The Dark Knight Rises
A spectacular epic, “The Dark Knight Rises” fully succeeds in meeting the high expectations of its predecessors and makes for one of the more satisfying summer entertainment experiences since “The Dark Knight” three years ago.
Picking up 8 years after “The Dark Knight,” “Rises” finds Gotham city enjoying a boom period where organized crime is virtually off the radar in the city thanks to the Dent Act, which allowed police to imprison most of the city’s scum and incarcerate virtually all of them.
Batman (Christian Bale) is off the radar, a pariah who took the blame for Dent’s fall and is believed by most to have murdered the famed district attorney. Bruce Wayne is left hobbled by his experience with the Joker and Two Face and has become a recluse. His company is limping along, a shell of what it was when Bruce was in control.
But the city’s peace is built on a spectacular lie, and Commissioner Gordon (Gary Oldman) is considered a hero but carries the guilt of allowing someone else’s dirty hands to wash his. Meanwhile, police officer John Blake (Joseph Gordon-Levitt) sees the city becoming complacent and suspects Batman may not be the villain he’s being made out to be.
Bruce’s grip on his company is slipping quickly, although Lucius Fox (Morgan Freeman) suggests Bruce has an ally in Miranda Tate (Marion Cotillard) and a possible romantic interest as well.
Enter Bane (Tom Hardy), a masked hulk of a villain with his own plans for Gotham, which, if you’ve seen the trailer has something to do with ashes but nothing to do with a smoking ban.
The film also features Anne Hathaway as Selina Kyle, a catburglar who sure knows how to fight. She stings Bruce and is much more an influence on him than she’d like. Hathaway makes for a tremendous Kyle, using none of the gimmickry or flamboyance Michelle Pfeiffer brought to the role in “Batman Returns” but creating every bit as memorable a character.
The triumph of “Rises” is once again that it manages to be a huge action superhero epic, but remains focused on character along with its rather thickly layered politics. There’s a heavy undercurrent of the “99%” versus the “1%” that has dominated much of our political landscape the past few years. But Bane is no social champion, and his attempts to introduce anarchy have disastrous results.
The Bruce/Alfred relationship again gets center stage here, at least early on, and it’s one of the few downbeats in the film that their relationship is dropped for the sake of advancing the plot later on.
The action is amped up and is a mixture of aerial combat (there is no Batmobile this time around, though several Tumbler vehicles are serviced). Instead Batman uses the Batpod from the last film, and the Bat, which is best described as sort of a wicked jet/helicopter hybrid, maneuverable like a plane with a propeller underneath rather than on top of it.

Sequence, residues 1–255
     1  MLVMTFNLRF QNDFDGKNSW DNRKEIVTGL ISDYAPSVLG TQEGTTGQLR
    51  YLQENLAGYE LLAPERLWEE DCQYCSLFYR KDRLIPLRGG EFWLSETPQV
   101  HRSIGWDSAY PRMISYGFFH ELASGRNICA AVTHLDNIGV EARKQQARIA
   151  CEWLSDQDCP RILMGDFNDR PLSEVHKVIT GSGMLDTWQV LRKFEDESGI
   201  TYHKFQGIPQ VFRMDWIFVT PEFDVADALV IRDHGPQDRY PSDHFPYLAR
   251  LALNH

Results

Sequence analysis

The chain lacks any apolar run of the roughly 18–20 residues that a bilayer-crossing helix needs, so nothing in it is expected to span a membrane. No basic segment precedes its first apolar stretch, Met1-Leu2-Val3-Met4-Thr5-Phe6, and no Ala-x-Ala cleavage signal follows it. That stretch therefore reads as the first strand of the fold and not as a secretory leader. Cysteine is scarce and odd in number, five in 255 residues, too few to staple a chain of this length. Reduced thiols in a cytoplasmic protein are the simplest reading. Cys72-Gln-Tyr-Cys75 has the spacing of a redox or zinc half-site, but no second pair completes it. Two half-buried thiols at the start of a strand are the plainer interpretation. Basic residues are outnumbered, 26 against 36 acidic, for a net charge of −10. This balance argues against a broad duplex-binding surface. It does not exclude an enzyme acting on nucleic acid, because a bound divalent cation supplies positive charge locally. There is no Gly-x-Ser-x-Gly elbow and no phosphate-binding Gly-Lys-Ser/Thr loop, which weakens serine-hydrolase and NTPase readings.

Visually, Nolan improves his action sequences greatly, pulling the camera back and showing the actors fighting rather than quick-cutting, close-up blurs of hands, feet and elbows flying. The vehicular sequences, on the other hand, are as spectacular as ever.
The battles between Batman and Bane are big and brutal but still personal and intimate. Bane dominates Batman physically and mentally alike. If he’s not as memorable a villain as Heath Ledger’s Joker, Hardy at least creates a worthy match and a more menacing, deadly one.
Lest I pile on too much praise, there are a few instances where leaps in logic are made that strain credibility a time or two, but I’ll admit I am willfully and freely overlooking them in favor of the film’s hefty action sequences and crackling emotion throughout. Occasionally, the film feels exhausted carrying the weight of its themes, but it’s satisfying nonetheless.
The film, and the trilogy, wraps up nicely and, without giving anything away, is brilliant both narratively and from a marketing perspective given all of the hype and speculation leading up to the film’s release. If you’ve kept up with the news, you’ll be OK, but I’d recommend against looking at actual spoilers.
“Rises” definitely has a feeling of finality, and reports and marketing materials suggest that Nolan is closing out the series. If that’s the case, he certainly does so on a high note. It’s a huge film with lofty ideas that are executed almost flawlessly, save a few clunky moments here and there. As it stands, “Rises” sits not just at the top of the superhero-movie and summer-movie heaps, but is near the top of the list for best film of the year.